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bert_the_turtle
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Postby bert_the_turtle » Sun Jul 31, 2011 7:43 pm

Compare how many people worldwide have Hebrew as native tongue with how many speak Spanish natively. There's the reason for the difference.
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Postby xander » Sun Jul 31, 2011 10:02 pm

NeatNit wrote:
xyzyxx wrote:I assume there's a word "don't" that was missing?
If you don't speak Spanish fluently, they don't want you there?
It was there all along.. I have no idea what you're talking about. :P

To xander: my complaint is that people who deal with tourists every day as part of their job, speak to you in Spanish and expect you to understand every word they're saying. They really do.

And? Not every tourist speaks English, either. Many of them speak French, or Russian, or German, or Mandarin, or Japanese, or one of the hundreds of languages that are spoken around the world. Do you expect them to learn every one of those languages, too? You sound like an American. Stop. We are supposed to have the monopoly on ethnocentrism.

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Postby Xocrates » Sun Jul 31, 2011 10:22 pm

To be perfectly fair, I know plenty of people that complain that the Spanish and French don't even try to understand other languages, though to be equally fair it's hard to tell how much of this is stereotyping or observer bias.

However the Spanish in particular are a bit of a sore point among Portuguese people since as they are our neighbouring country and speak a very similar language (someone from one country can probably understand the other language so long as it is written or spoken in a clear manner (which can be an issue since Spanish by default is spoken fairly fast)), but while we are often stuck trying to understand what they're saying, the opposite often does not happen.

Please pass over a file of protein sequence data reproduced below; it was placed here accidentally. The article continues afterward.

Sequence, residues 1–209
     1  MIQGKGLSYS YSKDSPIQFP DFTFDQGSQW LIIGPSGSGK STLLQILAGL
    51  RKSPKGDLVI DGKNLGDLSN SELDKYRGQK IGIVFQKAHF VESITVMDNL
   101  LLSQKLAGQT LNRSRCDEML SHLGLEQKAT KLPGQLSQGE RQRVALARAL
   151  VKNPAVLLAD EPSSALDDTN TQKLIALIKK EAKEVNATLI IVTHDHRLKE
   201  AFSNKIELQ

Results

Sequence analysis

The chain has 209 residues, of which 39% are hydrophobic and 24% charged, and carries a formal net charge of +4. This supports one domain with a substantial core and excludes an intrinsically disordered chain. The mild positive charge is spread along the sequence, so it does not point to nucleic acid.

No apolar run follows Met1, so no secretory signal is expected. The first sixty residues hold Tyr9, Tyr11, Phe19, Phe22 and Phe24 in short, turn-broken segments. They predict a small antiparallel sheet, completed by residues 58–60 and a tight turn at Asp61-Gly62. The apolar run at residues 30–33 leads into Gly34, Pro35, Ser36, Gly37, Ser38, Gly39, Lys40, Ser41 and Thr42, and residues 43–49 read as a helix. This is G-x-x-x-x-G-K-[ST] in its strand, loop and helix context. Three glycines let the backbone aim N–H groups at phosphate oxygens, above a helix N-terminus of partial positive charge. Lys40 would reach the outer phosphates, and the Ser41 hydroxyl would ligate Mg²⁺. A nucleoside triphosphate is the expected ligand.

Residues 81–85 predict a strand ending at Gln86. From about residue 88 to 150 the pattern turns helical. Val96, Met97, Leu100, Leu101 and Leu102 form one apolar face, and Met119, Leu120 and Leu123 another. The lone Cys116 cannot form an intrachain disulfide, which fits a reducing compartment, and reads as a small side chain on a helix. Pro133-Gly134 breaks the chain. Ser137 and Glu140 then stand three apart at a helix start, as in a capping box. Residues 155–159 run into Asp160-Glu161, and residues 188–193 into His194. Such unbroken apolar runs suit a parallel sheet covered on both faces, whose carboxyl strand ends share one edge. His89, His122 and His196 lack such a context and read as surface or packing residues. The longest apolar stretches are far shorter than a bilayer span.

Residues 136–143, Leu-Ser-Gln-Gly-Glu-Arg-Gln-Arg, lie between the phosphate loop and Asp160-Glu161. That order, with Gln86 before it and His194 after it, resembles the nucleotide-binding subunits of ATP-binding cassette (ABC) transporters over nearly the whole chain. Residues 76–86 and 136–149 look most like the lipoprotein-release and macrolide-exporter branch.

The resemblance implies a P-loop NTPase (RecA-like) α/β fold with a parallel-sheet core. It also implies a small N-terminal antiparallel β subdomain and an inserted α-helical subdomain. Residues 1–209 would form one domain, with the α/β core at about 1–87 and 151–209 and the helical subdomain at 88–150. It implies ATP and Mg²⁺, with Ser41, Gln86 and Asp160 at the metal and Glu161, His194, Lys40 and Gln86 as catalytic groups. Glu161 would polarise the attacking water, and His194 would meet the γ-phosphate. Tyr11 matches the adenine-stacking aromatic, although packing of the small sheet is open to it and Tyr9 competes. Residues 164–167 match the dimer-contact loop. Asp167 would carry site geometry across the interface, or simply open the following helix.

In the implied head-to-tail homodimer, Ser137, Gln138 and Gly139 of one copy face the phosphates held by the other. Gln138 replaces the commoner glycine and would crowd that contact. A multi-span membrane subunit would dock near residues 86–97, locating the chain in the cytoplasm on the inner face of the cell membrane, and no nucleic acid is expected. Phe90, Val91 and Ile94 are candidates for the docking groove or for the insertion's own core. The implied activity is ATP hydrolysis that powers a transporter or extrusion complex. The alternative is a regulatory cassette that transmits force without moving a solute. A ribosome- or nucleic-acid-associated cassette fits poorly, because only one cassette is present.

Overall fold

Oh, and of course, the problem is that this happens even when they are the ones visiting.
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Postby bert_the_turtle » Sun Jul 31, 2011 10:34 pm

Like those annoying Germans visiting the Netherlands.
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Postby Xocrates » Sun Jul 31, 2011 11:28 pm

Well, I guess I should clarify my point a bit lest I come across a xenophobic asshole :P

As xander said, tourists speak a wide variety of languages, and while it's unreasonable to expect that the kind of folk who deal with tourists know all of them, it's equally unreasonable to expect that ALL tourists try to learn the language of the visited country (for matters of both time and money), and even if you travel along with a translator/guide it's possible that he won't be available every time you need him.

However it's not unreasonable to expect someone who deals with foreigners frequently to at least learn a lingua franca or two, which in this day and age it's English. This is particularly true in the EU where the interactions between countries happen often enough that English is a mandatory course in school.

Likewise, it's not unreasonable to expect the folk who deals with tourists to adapt their language so as to try and make their point come across even if they don't speak the other person language.
For instances, I once recall having lunch at a place and some foreign guy came in, the owner having barely any grasp of english pointed to the special (duck rice) and said "Daffy duck" so that the other person at least knew it was a duck dish. Likewise I've recently came across a tourist asking for directions in a very broken Portuguese, I gave it to him by using short words and pointing at both the map and the nearby streets (I have no idea if he actually spoke english or not).
This sort of behaviour is not unreasonable, but acting like you're supposed to know their language perfectly is.
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Postby jelco » Mon Aug 01, 2011 8:14 pm